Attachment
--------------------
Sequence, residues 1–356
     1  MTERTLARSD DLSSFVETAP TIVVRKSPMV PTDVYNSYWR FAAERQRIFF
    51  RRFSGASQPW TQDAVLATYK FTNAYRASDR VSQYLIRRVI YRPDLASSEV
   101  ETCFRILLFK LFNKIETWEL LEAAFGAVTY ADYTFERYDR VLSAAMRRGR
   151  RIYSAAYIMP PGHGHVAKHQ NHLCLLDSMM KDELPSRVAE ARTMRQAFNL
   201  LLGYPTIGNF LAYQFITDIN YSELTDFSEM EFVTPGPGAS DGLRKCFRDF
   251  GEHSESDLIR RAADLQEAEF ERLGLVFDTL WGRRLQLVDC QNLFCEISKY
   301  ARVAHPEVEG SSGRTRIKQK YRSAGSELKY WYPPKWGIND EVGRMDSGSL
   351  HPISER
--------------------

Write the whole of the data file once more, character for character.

Sequence, residues 1–356
     1  MTERTLARSD DLSSFVETAP TIVVRKSPMV PTDVYNSYWR FAAERQRIFF
    51  RRFSGASQPW TQDAVLATYK FTNAYRASDR VSQYLIRRVI YRPDLASSEV
   101  ETCFRILLFK LFNKIETWEL LEAAFGAVTY ADYTFERYDR VLSAAMRRGR
   151  RIYSAAYIMP PGHGHVAKHQ NHLCLLDSMM KDELPSRVAE ARTMRQAFNL
   201  LLGYPTIGNF LAYQFITDIN YSELTDFSEM EFVTPGPGAS DGLRKCFRDF
   251  GEHSESDLIR RAADLQEAEF ERLGLVFDTL WGRRLQLVDC QNLFCEISKY
   301  ARVAHPEVEG SSGRTRIKQK YRSAGSELKY WYPPKWGIND EVGRMDSGSL
   351  HPISER